If the plans of Pacifica's leadership are rolling out as it expected, it may be facing some unexpected pressure from the Pacifica board. The last week of arrests, rallies, and "free speech" campsites, as well as the enormous level of bad publicity the conflict has generated, has begun to take its toll on the board, raising the discomfort level of Chadwick's supporters and emboldening those who had misgivings from the start. At the board meeting in June, Pacifica director Pete Bramson moved for a vote of no confidence in Chadwick but couldn't get a second. If a meeting were held tomorrow, he could probably get one from Rabbi Aaron Kriegel, a Pacifica director from Los Angeles station KPFK.
On July 14, the first day of the lockout, Kriegel fired off an e-mail to the rest of the board. "I just heard Lynn Chadwick on Democracy Now when she said that her authority to act in the manner that she acted last night comes from the Pacifica Governing Board," Kriegel wrote. "I never agreed to the heavy-handed tactics displayed yesterday, and I never will. If she finds authority from me and others who represent my position on the board, then we have been manipulated. Many of us, under no circumstances, would have agreed to the display that was evident last night."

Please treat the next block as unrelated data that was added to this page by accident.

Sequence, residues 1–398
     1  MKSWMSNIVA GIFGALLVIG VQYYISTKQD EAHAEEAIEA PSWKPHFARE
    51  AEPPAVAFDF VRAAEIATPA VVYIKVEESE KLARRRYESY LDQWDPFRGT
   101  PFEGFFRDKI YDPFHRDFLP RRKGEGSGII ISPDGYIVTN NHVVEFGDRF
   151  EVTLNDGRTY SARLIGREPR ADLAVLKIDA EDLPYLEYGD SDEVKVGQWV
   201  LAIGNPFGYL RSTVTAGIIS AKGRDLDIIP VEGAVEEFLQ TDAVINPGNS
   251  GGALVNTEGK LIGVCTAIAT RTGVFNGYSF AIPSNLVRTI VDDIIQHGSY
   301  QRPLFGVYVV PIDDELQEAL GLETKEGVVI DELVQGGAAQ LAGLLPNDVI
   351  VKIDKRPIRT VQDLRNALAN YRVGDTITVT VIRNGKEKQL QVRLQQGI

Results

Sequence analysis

In response, Fabbri wrote an e-mail to community radio professionals across the country, assuring everyone that all was well at Pacifica. "Unfortunately, Rabbi Kriegel did not attend the first two days of our last board meeting and missed much of the discussion about the board's perspective on the situation at KPFA. His commentsrepresent only Rabbi Kriegel's views, not those of the rest of the board, who will be discussing this further with him."
But as the days wore on, Kriegel got less and less enthusiastic. "Reading about what's going on, I feel like a member of Bull Connor's troops, standing on the bridge to Birmingham and putting water cannons on Civil Rights protesters," Kriegel says. "If I had known that there were going to be arrests, I would never have supported that. And if I had the opportunity, I'd reverse the [present] policy. But I just don't have the votes."